Artist Profile: Don Drawings
Meet Alewijn Don, also known as Don Drawings, an Amsterdam-born autodidact artist and conceptual designer with a background in Art History and History. He has developed a profound passion for the constructivist movements of the early 20th century, a source of clear inspiration for his artistic style. His work seamlessly incorporates elements from Suprematism, De Stijl, Cubism, and Bauhaus.
He is also the local artist bringing character and personality to our flagship Bob - Bob W Amsterdam Noord, creating over 200 pieces of art that bring in the local Noord neighbourhood, ready for you to enjoy.
What inspired you to become an artist? Was there a particular moment or experience that sparked that passion?
My initial inspiration mainly came from the early abstract artists and my love for interior and architecture. I’m a somewhat unconventional artist in the sense that I studied Art History and History prior to becoming an artist. As a trained academic I found a job with an art auctioneer, and that is where my first inspiration came from. On a daily basis I was surrounded by 20th century artworks by smaller and more famous artists. The endless possibilities in art struck me, and I was inspired to get creative myself: this is where my alter ego ‘Don Drawings’ was born. The early abstract art movements have inspired me along the way. The pioneering character of their work plays a vivid role in the shift within the arts in the 20th century. I wanted to get a taste of that. But even more, the aesthetic approach of the world around us inspires me. These artists taught me to let everything go and mainly focus on shape, composition and movement. This combines perfectly with my love for interiors and furniture, since these elements are vital in the architectural world as well. This is probably why this inspired me from the get go in my work.
Your artwork has a unique blend of styles and themes. What inspiration contributes to this diversity?
I think the diversity in my work comes from the broad range of artists that keep on inspiring me. From the early suprematists and the artists associated with de Dutch De Stijl movement, via Zero artists like Jan Schoonhoven, to contemporary artists such as Vera Molnár and François Morellet. These artists are all quite different in their work, I think that could explain the adventurous road that I embarked upon in my artistry. Furthermore, the rapid moving world around me is a huge source of inspiration. I lived in Amsterdam for two decades all together and I can say that it is rooted somehow in the way I approach my drawings and paintings: always dynamic and ever changing.
How does Amsterdam inspire or influence your creative process and the themes you explore in your art?
Amsterdam forms a part of my artistic route. In my autonomous work I mainly play with the possibilities of movement and order on a flat surface. It started out as something planned, but it transformed into an approach in which I am very spontaneous and I am always trying out new things. This is something that living in Amsterdam probably taught me. There is so much going on in Amsterdam on different levels, that it helps to be spontaneous once in a while. This way I was able to connect to the dynamic character of the city. The fact that Amsterdam has a rich nightlife, a vivid cultural day life and a historically interesting city character helps a lot in this. Amsterdam is always alive and it breathes change and diversity. It’s the perfect location for an artist like me to be able to blossom and get inspired for the first years of my artistic life.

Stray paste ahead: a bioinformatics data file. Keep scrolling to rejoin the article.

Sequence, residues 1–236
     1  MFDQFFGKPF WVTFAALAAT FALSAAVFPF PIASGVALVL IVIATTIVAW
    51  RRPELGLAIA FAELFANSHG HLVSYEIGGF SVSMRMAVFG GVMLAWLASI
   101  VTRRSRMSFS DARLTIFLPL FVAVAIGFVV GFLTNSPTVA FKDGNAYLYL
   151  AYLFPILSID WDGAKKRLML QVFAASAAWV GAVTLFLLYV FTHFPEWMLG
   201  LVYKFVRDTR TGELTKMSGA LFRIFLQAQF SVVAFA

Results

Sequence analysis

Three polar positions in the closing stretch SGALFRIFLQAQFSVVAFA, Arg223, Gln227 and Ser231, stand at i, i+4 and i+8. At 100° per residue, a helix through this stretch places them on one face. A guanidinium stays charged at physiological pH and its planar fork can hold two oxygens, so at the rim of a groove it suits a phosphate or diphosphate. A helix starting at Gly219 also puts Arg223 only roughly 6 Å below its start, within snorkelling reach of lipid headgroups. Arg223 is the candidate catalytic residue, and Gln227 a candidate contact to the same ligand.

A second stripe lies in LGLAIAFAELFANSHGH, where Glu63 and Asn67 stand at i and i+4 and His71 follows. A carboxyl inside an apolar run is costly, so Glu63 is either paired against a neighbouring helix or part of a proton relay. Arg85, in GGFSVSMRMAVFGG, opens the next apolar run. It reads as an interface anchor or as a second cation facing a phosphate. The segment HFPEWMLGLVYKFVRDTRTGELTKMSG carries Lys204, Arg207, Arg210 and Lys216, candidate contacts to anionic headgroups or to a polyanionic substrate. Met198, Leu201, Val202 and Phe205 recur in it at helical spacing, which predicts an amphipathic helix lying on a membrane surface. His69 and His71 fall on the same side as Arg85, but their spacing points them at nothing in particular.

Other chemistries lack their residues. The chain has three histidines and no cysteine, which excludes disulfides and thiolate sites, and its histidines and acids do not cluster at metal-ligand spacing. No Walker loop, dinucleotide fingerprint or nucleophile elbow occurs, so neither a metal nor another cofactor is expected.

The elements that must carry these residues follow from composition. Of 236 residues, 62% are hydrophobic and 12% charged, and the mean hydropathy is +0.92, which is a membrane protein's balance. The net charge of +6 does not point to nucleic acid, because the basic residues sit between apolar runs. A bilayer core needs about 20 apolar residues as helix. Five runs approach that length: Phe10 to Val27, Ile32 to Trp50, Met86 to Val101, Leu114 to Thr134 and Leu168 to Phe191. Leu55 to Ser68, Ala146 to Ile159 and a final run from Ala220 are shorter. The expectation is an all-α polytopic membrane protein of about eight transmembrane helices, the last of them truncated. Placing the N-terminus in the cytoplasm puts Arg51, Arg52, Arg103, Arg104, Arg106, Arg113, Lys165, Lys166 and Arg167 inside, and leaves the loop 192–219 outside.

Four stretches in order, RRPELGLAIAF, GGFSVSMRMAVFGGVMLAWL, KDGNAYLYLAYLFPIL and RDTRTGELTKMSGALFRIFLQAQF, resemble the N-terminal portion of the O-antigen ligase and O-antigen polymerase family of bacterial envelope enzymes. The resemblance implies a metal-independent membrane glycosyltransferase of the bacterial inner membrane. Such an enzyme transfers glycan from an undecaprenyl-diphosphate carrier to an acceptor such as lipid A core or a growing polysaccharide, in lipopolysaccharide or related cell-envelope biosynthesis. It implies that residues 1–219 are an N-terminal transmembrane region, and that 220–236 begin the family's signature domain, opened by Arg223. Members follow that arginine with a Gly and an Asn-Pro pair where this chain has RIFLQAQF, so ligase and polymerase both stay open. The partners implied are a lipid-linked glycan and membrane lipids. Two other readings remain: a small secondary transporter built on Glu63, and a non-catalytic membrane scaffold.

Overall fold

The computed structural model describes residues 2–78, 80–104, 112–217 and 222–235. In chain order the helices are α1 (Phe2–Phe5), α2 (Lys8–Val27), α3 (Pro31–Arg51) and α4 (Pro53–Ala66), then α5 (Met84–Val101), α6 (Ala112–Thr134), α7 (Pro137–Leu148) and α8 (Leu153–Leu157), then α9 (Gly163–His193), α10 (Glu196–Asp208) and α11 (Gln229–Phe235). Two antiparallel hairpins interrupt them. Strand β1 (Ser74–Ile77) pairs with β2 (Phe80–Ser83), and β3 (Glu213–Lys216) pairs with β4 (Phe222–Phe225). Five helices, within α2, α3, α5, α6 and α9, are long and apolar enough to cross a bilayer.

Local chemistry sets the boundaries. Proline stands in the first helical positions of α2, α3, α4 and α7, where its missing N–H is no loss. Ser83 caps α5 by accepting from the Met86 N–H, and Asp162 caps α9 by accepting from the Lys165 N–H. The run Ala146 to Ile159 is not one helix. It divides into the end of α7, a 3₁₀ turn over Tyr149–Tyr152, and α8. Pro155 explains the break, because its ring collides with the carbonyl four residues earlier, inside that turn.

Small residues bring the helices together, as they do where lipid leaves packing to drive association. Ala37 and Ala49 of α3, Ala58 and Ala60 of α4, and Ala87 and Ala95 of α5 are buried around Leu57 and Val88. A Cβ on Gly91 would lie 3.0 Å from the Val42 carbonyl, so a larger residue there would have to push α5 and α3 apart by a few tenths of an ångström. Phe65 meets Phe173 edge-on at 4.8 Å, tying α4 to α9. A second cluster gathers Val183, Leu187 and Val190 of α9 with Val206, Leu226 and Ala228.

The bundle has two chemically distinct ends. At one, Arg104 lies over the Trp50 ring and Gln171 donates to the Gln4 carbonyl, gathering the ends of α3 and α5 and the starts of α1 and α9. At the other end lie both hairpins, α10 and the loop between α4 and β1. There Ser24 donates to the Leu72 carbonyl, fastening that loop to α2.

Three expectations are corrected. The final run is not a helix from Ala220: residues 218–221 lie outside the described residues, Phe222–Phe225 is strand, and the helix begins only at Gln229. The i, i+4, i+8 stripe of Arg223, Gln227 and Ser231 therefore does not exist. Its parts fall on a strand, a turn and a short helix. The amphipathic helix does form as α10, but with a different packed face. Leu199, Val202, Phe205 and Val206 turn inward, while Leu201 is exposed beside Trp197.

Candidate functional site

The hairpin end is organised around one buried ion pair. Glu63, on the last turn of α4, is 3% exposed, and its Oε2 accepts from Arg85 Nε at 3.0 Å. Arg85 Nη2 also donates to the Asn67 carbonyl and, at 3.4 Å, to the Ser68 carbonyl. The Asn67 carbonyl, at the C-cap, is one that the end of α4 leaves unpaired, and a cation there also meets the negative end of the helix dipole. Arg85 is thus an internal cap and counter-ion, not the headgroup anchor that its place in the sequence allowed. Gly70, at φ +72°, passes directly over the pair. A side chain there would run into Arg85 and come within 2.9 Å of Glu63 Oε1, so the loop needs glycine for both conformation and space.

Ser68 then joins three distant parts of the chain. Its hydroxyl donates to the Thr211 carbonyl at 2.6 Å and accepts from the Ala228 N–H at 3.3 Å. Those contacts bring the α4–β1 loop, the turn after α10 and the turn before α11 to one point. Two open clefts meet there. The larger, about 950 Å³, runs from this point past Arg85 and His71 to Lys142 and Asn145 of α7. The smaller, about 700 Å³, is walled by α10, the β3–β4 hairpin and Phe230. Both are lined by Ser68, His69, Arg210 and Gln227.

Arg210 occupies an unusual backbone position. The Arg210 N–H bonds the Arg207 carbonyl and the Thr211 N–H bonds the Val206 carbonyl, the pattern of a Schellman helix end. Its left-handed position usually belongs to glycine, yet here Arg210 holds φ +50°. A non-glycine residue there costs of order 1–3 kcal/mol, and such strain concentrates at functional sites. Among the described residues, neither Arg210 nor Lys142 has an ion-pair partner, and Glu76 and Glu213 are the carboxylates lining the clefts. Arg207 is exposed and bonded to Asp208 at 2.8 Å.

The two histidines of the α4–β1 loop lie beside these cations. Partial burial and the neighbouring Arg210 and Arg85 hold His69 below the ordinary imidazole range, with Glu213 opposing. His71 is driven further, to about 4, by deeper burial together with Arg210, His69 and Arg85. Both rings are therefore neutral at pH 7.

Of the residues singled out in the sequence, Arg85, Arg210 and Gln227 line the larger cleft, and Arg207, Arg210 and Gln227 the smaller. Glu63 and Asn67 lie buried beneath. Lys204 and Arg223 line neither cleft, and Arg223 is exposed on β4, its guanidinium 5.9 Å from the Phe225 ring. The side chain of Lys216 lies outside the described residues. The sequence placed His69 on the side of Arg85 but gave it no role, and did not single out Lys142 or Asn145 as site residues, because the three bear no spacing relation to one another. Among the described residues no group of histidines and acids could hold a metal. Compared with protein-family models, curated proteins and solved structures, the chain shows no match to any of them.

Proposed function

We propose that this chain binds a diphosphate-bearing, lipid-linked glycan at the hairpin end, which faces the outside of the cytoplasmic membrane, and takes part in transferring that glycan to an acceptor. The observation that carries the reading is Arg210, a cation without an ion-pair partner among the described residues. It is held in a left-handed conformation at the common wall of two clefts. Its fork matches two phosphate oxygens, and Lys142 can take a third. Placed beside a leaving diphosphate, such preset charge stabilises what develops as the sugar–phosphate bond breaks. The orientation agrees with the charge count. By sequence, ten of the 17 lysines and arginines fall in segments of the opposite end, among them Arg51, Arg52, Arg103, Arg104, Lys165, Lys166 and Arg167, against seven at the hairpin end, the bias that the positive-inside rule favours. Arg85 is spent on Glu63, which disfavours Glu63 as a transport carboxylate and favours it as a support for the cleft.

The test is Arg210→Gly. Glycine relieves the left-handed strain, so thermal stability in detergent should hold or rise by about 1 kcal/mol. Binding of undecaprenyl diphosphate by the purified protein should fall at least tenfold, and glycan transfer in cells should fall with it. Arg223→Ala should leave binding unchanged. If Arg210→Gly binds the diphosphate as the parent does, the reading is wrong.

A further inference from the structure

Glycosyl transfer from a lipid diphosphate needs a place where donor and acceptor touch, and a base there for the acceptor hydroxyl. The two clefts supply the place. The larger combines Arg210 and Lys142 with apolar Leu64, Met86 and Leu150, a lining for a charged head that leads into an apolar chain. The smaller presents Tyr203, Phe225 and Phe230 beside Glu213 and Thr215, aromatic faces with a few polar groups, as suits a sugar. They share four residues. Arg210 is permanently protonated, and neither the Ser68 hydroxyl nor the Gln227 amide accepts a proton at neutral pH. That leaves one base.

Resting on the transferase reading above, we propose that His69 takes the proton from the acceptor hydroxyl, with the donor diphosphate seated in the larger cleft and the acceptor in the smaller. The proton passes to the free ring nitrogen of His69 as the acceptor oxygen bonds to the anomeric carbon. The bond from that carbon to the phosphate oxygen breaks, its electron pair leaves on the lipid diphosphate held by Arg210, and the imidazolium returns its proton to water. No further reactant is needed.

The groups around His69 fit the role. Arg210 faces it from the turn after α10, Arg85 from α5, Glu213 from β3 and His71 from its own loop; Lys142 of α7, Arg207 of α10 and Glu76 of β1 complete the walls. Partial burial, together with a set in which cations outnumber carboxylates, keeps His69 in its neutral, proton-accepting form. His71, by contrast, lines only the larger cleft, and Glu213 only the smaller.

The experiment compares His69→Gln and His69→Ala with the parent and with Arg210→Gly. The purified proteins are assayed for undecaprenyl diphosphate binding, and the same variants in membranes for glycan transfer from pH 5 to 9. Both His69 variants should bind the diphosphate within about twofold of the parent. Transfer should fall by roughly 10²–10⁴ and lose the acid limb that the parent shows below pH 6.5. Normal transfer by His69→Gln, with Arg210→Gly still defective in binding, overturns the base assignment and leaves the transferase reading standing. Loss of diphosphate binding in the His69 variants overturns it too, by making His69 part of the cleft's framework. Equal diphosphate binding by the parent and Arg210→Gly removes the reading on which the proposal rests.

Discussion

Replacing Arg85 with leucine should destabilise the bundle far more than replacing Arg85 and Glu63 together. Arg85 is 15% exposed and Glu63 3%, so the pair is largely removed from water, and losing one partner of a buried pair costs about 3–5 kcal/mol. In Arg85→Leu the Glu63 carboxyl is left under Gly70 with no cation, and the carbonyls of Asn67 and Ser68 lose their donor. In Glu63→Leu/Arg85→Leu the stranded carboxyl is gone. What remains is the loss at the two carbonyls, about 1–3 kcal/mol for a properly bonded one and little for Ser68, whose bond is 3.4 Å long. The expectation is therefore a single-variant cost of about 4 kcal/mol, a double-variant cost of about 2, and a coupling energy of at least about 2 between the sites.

Your use of colour and texture is quite striking. Are there specific places, people, or emotions in Amsterdam that influences this?
That is a good question. I think inspiration is always in the details. If you take a stroll through the historical city centre it is hard not to get inspired. The unique character of the 17th century ‘grachtengordel’ (the area with the most important canals) and the variety in typical and atypical building facades, are a celebration of shape and composition. Throw me a pencil and a piece of paper and you’ll see me capturing compositions in sketching and by copying these visual treasures. But then if we move further away from the centre to the modern 21st century business area ‘Zuidas’, there is inspiration to find as well. This is a good example of modern architecture and urban planning. The silhouettes I find there form almost direct outlines for some of my paintings and drawings.
Are there other artists that have inspired your own creative journey?
Like I mentioned before. Many artists have inspired me. The most important artist is Kazimir Malevitsj. As one of the main founders of modern art, I owe him gratitude in paving the way for abstract artists. His paintings with a few colours and shapes got me to try to create these myself. I literally copied his work at first to try to capture an idea of what shapes could do if you paint them. But not only his aesthetic style formed the start of my artistic career. The idea that we are free to use colour and form in any way we want, liberated the artworld from a conservative approach. The same happened to me. In a way his body of work convinced me I basically could do anything I want. As long as it feels right.
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